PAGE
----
Discovering Nature in Your Own Backyard
Discovering wildlife in your backyard is easy if you’re observant and know what to look for. As you prepare for your first expedition, research to learn what species are found in your region. In North America, you might spot birds, bats, toads, small mammals, deer, snakes and lizards, and an incredible diversity of insects. The creatures you’re able to see depend on where you live, the season, the time of day, and your own observation habits.
Most animals are naturally frightened of humans. People are much larger than the average backyard creature, after all. Observing wildlife requires being quiet, still, and keeping a safe and respectful distance. The U.S. Forest Service offers these recommendations for safe wildlife observation. Although they’re written for hikers on a trail, the same rules apply in urban and suburban settings.
Bring a notebook and pen so you can record what you see. Later, you can do research online to learn the names of unfamiliar species. Recording information like the date, time, and weather for each observation session reveals the patterns that develop over months and years. Perhaps you’ll discover that a pair of birds builds their nest in the same place each spring, or that everything goes still when the temperatures climb high on hot summer days.
Insects and animals aren’t the only kind of life you’ll find outside the back door. Many people don’t realize it, but there are edible plants growing naturally all around us, such as wild berries, mushrooms, and edible weeds. However, don’t just go outside and start munching on every plant you see. Not all wild plants are edible, and some may even be toxic, so it’s important to understand exactly what you’re looking for.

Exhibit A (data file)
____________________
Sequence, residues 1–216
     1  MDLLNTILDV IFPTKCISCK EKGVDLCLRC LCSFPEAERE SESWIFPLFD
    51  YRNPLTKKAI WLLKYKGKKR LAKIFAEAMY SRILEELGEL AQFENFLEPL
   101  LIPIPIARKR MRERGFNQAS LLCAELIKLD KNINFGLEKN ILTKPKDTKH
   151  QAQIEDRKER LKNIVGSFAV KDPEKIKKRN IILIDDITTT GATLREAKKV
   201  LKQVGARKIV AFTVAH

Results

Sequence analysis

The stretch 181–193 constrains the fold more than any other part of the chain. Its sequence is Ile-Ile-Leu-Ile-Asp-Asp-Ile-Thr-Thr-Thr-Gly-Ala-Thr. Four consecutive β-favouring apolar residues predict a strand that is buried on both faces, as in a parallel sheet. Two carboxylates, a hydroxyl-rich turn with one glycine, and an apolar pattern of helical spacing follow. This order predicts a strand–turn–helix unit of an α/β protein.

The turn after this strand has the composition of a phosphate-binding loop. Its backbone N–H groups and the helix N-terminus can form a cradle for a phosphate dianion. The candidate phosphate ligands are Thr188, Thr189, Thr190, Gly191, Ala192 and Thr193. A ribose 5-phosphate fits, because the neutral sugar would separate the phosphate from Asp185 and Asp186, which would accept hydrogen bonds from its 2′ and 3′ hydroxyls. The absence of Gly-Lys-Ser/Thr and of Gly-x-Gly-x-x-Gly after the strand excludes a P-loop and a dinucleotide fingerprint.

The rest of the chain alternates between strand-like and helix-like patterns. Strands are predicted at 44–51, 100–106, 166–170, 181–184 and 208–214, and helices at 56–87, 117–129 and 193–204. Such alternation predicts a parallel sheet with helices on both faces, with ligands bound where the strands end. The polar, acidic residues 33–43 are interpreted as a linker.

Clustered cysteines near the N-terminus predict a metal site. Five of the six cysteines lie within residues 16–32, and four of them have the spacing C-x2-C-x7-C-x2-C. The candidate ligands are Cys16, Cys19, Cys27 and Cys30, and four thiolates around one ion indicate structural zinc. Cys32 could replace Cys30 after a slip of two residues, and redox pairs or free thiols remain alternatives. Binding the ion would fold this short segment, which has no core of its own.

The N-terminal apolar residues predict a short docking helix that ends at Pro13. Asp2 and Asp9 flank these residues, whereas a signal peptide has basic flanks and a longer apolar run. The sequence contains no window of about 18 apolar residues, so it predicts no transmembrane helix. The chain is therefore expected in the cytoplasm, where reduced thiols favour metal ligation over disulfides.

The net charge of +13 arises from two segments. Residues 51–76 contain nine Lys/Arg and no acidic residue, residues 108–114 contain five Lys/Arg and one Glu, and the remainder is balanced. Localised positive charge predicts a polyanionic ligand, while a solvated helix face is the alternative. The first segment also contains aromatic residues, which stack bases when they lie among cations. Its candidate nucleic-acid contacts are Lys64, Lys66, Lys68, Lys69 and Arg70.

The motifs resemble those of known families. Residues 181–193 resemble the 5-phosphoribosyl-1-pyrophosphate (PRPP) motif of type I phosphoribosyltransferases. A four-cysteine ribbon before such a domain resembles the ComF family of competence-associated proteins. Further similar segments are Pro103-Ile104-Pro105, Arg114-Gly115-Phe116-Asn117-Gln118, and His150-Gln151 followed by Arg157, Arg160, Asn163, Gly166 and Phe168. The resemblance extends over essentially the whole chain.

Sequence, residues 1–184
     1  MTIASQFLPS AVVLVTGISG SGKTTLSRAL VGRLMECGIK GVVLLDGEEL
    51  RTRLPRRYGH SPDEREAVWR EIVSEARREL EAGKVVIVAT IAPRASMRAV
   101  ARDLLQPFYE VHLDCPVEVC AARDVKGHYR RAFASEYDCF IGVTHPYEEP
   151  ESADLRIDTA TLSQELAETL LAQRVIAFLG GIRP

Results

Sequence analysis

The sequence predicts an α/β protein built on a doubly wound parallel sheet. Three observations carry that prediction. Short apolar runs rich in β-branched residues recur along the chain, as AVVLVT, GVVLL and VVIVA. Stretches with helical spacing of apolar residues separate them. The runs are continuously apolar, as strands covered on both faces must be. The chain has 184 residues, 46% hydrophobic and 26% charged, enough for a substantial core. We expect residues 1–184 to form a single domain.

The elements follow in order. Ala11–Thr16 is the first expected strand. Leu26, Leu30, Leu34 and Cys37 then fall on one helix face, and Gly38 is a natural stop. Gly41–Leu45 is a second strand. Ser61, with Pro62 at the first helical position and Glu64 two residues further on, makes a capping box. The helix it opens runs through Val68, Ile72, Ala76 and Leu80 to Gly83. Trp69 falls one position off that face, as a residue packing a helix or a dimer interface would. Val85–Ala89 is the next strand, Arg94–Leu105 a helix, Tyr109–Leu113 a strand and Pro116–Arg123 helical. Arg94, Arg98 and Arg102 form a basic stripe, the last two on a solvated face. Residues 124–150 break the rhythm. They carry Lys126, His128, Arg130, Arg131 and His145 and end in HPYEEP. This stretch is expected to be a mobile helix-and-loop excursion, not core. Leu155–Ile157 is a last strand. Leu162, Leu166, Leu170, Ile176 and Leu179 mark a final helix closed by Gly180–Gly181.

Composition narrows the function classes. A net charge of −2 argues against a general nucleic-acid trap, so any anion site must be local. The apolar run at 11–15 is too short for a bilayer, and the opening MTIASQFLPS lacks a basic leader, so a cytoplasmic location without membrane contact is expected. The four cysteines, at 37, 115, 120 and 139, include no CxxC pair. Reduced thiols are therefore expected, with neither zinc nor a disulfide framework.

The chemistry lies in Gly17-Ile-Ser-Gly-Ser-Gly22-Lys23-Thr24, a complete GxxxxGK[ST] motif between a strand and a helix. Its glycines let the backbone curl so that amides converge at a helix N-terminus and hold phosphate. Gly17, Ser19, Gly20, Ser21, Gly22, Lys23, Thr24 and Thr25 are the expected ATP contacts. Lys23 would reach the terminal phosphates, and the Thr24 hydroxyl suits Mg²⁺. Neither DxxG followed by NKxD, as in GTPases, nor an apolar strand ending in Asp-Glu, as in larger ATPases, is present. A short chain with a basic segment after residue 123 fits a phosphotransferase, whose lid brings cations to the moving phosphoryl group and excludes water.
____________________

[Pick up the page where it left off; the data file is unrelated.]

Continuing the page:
Some of the easiest plants you can forage are edible weeds. These include common backyard plants like dandelion and purslane, which make excellent additions to a salad, and lamb’s quarters and green amaranth, nutritious alternatives to the standard cooked greens. Mushrooms and berries can be more challenging to forage. Not only are they less common, but there may be lookalike plants that aren’t safe to eat.
In addition to positively identifying any plant you intend to eat, backyard foragers should be sure not to harvest anything found near animal excrement, busy roadways, or areas of pesticide use, and thoroughly wash food before consuming it. Additionally, be careful not to overharvest. You don’t want to disrupt the natural ecosystem or prevent the plant from returning. EdibleWildFood.com offers guidance on foraging safely and ethically.